Being a member of Trade Show Carpenters Local 491 of the Eastern Atlantic States Regional Council is about being part of a team that emphasizes camaraderie and a positive culture that often feels like a family.

For Juaquin Duff, however, it actually is family. He is a second-generation member of Local 491, though he said he never expected to follow in the footsteps of his father, John, who spent 16 years with the union as a shop steward and rigger before retiring in 2017.

“Honestly I didn’t see it. I saw it as an opportunity to sustain myself while I got my own business off the ground,” said Duff, who will celebrate 20 years with Local 491 in April 2024. “It’s been a cool ride. It’s about passion coupled with my work ethic. The start-to-finish results of what we do is fulfilling. It feels like you accomplished something. It’s tangible.”

He describes being in the union as belonging to a larger work family, one that has provided a stable income, opportunities to grow and new challenges on a daily basis. Many members of Local 491 are second-generation carpenters, according to Duff.

“My father believed in doing what was right for his brothers and sisters,” said Duff. “He wasn’t afraid to voice his opinion and be a disruptor, in a good way, to negotiate for fair contracts.”

Duff serves as a council representative for the EAS Regional Council of Carpenters and business agent for Local 491. It’s one of many positions he’s held while learning the trade. He’s also taken on new responsibilities and earned several promotions during his two decades with the union.

Duff began his career working for several different contractors before settling at union contractor The Freeman Co. under Mike Jones, the current president of the Trade Show Contractors Association, for almost nine years. Duff worked trade shows to start, then became a warehouse supervisor before moving into business development.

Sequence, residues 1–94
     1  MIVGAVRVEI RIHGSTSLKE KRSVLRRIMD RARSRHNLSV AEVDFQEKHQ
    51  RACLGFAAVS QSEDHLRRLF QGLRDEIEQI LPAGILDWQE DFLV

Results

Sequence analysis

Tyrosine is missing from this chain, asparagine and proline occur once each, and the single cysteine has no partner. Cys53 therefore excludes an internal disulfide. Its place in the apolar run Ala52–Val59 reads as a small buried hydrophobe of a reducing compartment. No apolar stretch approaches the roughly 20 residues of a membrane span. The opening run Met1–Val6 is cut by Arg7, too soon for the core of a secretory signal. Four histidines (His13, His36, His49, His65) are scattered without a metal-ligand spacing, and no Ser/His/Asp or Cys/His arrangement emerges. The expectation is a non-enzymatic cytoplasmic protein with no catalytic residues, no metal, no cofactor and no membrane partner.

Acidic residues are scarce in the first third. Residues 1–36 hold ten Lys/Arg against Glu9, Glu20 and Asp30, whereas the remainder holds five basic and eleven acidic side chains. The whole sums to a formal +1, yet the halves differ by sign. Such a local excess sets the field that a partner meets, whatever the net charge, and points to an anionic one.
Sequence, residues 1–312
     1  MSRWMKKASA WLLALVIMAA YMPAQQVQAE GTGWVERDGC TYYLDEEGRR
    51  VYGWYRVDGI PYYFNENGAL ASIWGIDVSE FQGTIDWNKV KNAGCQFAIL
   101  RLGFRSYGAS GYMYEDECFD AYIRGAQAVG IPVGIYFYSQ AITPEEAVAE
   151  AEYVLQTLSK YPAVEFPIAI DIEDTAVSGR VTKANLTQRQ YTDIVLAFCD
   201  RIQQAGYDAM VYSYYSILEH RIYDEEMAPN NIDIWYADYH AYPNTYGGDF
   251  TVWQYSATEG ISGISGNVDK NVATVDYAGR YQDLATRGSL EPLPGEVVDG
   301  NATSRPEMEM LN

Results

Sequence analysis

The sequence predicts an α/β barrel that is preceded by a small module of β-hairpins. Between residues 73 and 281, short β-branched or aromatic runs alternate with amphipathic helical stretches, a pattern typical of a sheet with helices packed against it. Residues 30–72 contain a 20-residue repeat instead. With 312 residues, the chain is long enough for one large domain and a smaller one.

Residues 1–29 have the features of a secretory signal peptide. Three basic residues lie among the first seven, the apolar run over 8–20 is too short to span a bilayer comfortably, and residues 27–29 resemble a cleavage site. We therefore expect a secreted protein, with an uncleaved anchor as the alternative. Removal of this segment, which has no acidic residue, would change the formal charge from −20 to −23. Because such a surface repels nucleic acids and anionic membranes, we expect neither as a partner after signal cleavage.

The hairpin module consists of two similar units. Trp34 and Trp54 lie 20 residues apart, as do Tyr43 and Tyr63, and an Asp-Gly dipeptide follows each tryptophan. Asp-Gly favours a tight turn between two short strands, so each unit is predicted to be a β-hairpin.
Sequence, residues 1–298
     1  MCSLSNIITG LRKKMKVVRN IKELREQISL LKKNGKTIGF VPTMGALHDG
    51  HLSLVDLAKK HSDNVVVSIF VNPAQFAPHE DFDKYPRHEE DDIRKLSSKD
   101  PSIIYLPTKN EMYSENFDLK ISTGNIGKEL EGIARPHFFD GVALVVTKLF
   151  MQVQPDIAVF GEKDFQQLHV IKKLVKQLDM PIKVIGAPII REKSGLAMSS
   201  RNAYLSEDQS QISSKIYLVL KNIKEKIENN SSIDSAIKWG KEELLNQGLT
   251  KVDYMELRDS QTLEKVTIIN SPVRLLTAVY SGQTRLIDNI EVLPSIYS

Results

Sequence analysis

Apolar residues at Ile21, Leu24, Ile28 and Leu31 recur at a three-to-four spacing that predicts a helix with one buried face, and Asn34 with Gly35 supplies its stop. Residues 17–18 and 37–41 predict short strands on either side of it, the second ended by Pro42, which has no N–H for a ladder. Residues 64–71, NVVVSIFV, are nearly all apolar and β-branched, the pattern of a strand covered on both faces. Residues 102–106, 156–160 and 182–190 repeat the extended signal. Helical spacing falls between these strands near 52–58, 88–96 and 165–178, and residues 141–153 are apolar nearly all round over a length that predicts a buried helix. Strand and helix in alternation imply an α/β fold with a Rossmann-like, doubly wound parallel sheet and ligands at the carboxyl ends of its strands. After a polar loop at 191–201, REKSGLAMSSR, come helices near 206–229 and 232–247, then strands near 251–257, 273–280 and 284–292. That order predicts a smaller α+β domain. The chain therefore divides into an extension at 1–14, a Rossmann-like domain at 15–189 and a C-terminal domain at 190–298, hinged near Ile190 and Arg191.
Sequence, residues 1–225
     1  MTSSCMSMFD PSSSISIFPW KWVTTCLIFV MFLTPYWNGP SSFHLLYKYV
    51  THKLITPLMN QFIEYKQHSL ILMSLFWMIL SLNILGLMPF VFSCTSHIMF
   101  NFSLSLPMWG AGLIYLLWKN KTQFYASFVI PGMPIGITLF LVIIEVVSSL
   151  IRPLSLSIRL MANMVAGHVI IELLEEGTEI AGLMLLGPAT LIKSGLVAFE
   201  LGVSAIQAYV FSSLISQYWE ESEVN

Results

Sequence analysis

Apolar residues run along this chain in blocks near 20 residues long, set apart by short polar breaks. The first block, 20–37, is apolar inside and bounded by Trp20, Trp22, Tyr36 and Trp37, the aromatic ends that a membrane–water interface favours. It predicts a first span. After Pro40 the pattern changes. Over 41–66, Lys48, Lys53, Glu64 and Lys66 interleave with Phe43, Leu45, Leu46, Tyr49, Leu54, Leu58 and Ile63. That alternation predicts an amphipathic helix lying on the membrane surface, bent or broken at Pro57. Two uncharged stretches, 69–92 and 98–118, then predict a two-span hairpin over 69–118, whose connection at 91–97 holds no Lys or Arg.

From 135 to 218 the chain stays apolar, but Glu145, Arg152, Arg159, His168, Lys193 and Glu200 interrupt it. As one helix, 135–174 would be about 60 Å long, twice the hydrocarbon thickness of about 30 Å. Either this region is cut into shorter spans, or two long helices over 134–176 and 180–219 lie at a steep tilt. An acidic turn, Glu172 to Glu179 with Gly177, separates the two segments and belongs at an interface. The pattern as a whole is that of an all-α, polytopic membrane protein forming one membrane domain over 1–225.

Jones, the director of operations at Freeman, and Duff continue to work closely as the union has been stepping up recruiting efforts to help contractors deal with an influx of post-COVID work. Demand is up significantly for trade show carpenters in response to an increase in conventions, conferences and other in-person events. The Washington Convention Center, as one example, is essentially sold out for the next three years.

“Juaquin does an excellent job of recognizing the needs,” said Jones. “Everyone is looking for more help. We need more labor.”

At the same time, mentoring is a passion for Duff, so he jumped at the opportunity to become an instructor at the union’s training school. That opportunity came from Mike Hubbard, whom Duff calls a mentor. Hubbard, now retired, had served as a union officer and on the executive board during his tenure as well as being an instructor, and saw Duff as an excellent teacher and mentor in his own right.

For several years, Duff would spend four months a year as a training school instructor for apprentices and eight months working trade shows, a mix of responsibilities he embraced. He continues to teach journeypersons looking to upgrade their skills, while also being the liaison between the union and contractors, including Freeman, who employ union members.

In September 2021 Duff became business agent for Local 491, his current role.

Duff said he looks forward to growing union membership and continuing to teach.

“I’m passionate about the opportunity Local 491 provides,” he said. “It’s a good niche for people to build a great career, and not enough people know about it. We’ll always need talented carpenters. This isn’t a job where technology can replace the people.”